Microsoft has been essentially printing money for itself ever since Windows 95 was available on store shelves. The company has done incredibly well in the past two decades, regularly pulling in strong revenues and plodding along nicely, even if they use some very annoying accounting practices to hide which departments inside the company are doing poorly. For Q3 2018, it’s a particularly important one for the company because it comes right after two consecutive releases of Windows 10 that have had major issues, and it’s the beginning of the company’s 2019 financial year.

“We are off to a great start in fiscal 2019, a result of our innovation and the trust customers are placing in us to power their digital transformation,” said Satya Nadella, chief executive officer of Microsoft. “We’re excited to help our customers build the digital capability they need to thrive and grow, with a business model that is fundamentally aligned to their success.”

It certainly is a great start for the company. According to their books, revenue increased year-on-year to $29.1 billion, a 19% improvement over the 2018 financial year, operating and net income increased by 29% and 34% respectively, and Microsoft was able to pay shareholders more money per share in their dividends, which increased by 36%. Everything is doing pretty well, especially on the Office side of things, where the commercial and consumer Office and Cloud services recorded jumps in revenue of 17% and 16% respectively.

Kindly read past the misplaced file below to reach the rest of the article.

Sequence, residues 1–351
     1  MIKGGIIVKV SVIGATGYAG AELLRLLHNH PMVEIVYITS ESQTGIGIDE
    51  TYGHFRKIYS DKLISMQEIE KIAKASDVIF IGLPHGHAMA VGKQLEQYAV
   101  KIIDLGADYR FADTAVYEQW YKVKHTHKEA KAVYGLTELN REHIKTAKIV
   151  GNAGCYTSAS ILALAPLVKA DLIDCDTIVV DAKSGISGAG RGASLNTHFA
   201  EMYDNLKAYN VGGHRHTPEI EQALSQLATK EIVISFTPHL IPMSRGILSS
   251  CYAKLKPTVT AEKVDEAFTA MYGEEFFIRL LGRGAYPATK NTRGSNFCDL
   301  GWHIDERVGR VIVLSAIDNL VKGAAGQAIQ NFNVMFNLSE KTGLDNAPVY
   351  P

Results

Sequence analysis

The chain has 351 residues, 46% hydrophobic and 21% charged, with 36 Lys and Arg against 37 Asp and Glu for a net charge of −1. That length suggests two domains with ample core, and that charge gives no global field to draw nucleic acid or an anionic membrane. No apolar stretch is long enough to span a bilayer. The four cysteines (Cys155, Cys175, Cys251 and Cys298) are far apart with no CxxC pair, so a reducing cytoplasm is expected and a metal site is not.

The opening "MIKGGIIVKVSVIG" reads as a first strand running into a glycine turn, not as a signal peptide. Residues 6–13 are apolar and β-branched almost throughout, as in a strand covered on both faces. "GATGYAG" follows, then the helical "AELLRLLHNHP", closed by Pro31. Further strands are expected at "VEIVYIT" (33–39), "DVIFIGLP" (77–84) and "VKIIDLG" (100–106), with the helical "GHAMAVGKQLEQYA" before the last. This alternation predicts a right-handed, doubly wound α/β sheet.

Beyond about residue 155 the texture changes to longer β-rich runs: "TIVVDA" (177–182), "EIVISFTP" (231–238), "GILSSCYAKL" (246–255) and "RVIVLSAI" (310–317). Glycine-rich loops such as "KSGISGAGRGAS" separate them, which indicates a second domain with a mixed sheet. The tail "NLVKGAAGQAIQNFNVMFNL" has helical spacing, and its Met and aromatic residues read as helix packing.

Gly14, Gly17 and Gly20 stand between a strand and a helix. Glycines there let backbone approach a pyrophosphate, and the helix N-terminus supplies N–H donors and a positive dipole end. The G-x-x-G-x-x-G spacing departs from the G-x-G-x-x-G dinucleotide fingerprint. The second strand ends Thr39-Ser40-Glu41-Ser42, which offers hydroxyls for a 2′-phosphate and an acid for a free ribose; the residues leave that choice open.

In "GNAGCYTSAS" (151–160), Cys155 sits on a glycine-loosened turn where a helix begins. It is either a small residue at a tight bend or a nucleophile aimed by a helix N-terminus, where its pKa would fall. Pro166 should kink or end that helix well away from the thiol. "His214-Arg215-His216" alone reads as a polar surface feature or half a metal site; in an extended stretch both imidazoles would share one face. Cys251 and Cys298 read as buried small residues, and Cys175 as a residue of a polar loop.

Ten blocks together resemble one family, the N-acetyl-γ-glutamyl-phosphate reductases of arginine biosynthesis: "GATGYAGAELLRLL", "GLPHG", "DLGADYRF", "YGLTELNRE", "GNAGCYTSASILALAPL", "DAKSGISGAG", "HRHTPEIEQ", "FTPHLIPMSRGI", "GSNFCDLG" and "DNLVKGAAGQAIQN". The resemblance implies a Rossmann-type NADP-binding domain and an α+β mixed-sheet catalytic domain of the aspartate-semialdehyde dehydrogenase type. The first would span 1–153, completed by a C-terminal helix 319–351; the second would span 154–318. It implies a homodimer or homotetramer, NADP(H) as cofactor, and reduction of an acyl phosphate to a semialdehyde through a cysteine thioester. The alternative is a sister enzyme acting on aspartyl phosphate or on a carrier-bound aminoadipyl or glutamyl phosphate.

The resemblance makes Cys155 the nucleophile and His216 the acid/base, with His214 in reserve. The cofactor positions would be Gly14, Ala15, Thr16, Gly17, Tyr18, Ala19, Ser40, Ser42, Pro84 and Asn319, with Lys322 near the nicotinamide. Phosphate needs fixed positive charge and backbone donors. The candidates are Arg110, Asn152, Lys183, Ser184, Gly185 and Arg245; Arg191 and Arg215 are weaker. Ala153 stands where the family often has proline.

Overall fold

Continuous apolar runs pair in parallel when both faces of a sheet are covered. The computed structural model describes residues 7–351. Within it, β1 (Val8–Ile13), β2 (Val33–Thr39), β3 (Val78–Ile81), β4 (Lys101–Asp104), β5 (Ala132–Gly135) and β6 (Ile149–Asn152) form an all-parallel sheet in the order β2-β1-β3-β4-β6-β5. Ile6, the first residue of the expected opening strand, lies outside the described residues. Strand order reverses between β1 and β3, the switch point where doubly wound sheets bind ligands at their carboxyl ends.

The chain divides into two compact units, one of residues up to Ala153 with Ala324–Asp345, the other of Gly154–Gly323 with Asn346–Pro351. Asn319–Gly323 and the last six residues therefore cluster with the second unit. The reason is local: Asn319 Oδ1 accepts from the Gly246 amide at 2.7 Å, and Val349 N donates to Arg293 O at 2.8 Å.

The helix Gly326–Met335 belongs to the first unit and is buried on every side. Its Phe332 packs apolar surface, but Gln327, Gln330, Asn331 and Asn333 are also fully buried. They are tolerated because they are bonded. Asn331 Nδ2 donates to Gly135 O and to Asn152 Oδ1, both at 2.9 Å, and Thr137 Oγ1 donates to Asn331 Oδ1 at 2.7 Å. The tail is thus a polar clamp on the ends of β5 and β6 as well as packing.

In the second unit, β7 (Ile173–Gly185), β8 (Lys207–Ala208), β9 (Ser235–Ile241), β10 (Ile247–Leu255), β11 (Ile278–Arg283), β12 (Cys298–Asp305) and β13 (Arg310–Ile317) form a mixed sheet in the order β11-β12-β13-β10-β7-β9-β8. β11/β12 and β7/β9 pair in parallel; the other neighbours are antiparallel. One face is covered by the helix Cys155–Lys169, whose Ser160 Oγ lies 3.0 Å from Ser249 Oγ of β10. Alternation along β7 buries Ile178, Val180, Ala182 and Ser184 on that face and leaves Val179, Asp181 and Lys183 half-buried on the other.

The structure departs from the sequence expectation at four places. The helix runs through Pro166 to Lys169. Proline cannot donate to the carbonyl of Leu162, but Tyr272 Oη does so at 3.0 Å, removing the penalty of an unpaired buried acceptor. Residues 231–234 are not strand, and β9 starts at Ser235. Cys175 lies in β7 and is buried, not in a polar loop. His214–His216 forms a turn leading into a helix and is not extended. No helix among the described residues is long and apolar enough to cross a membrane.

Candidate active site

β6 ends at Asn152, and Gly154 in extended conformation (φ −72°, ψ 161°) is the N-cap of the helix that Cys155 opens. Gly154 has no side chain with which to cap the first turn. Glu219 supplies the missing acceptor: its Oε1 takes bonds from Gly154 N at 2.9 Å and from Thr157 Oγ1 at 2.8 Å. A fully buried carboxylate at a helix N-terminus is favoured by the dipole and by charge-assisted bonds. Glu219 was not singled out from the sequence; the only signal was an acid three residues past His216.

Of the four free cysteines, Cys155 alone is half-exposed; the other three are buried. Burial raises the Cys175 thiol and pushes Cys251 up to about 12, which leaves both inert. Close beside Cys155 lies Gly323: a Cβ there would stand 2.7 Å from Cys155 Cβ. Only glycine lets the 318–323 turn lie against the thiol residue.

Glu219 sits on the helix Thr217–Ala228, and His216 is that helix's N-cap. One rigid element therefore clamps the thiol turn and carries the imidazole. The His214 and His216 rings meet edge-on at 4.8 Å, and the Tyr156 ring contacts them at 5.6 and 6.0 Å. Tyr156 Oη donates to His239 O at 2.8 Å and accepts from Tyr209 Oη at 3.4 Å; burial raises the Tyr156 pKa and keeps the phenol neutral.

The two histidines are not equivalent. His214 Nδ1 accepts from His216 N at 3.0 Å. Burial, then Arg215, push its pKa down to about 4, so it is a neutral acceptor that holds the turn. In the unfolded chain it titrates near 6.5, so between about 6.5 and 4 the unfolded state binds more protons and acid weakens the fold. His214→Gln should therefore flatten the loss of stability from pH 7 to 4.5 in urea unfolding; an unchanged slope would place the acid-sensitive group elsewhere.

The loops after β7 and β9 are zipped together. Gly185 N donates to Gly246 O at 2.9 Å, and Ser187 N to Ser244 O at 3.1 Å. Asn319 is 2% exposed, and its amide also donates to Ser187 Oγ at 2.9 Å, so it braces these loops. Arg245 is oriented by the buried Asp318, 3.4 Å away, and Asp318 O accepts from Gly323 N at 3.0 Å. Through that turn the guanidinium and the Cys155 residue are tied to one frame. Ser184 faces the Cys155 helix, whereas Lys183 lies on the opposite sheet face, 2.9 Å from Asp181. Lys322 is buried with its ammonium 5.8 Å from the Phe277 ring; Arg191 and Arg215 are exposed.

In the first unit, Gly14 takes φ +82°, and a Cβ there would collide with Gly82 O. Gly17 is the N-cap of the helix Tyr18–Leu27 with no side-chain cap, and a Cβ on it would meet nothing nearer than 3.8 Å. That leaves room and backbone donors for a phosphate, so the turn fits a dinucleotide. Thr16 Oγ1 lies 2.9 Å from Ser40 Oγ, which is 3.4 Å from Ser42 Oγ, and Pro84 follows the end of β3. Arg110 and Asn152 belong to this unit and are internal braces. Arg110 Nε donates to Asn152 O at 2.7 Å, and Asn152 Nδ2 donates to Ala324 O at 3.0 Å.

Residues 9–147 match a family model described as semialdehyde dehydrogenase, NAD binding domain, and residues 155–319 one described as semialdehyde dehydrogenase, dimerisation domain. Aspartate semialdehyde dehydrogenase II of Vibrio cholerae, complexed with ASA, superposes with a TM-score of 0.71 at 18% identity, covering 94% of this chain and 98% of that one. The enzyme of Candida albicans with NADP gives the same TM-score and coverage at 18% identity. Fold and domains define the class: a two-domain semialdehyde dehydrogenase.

Once again, LinkedIn somehow makes the company money, although no-one outside of Microsoft can really figure out how they manage that. Microsoft cites “record levels of engagement” to describe how LinkedIn is doing, which could be related to the company’s Office integration boosting LinkedIn’s reach, or simply more people globally entering the workforce and joining the social network. Engagement in LinkedIn’s terms may also apply to people simply endorsing others for specific skills, and not how many people use the networks available to create new connections.

It’s the other departments, though, that are showing signs of slowing growth. Revenue from the Windows OEM group only increased by 3% YoY, a sign of the PC market struggling to cope with the high prices of DDR4 memory and Intel’s processor shortage. Gaming revenue from the Xbox group was up 44%, but Microsoft is quick to note that this comes “mainly from third-party title strength” as part of the Xbox software and services division which saw growth of 36%, which may be another way of saying that their first-party games aren’t doing as well as third party titles on the platform. That also means that the Xbox hardware division grew just 8% compared to the same quarter last year.

The Enterprise Services division also only recorded growth of 6%. Enterprise Services caters to things such as paid Windows 7 updates, Microsoft 365 subscriptions, and so on. It will be a while before this part of the company sees more growth, and it’ll become extremely lucrative as Windows 7 is officially EOL’d by Microsoft in 2020.

All in all, Microsoft had a good quarter for their 2019 financial year, and it’s clear that the Windows as a Service and their cloud offerings are making the company significant amounts of money (more so than their server division currently). Thanks to Azure and Office 365, Microsoft’s future is quite certain.

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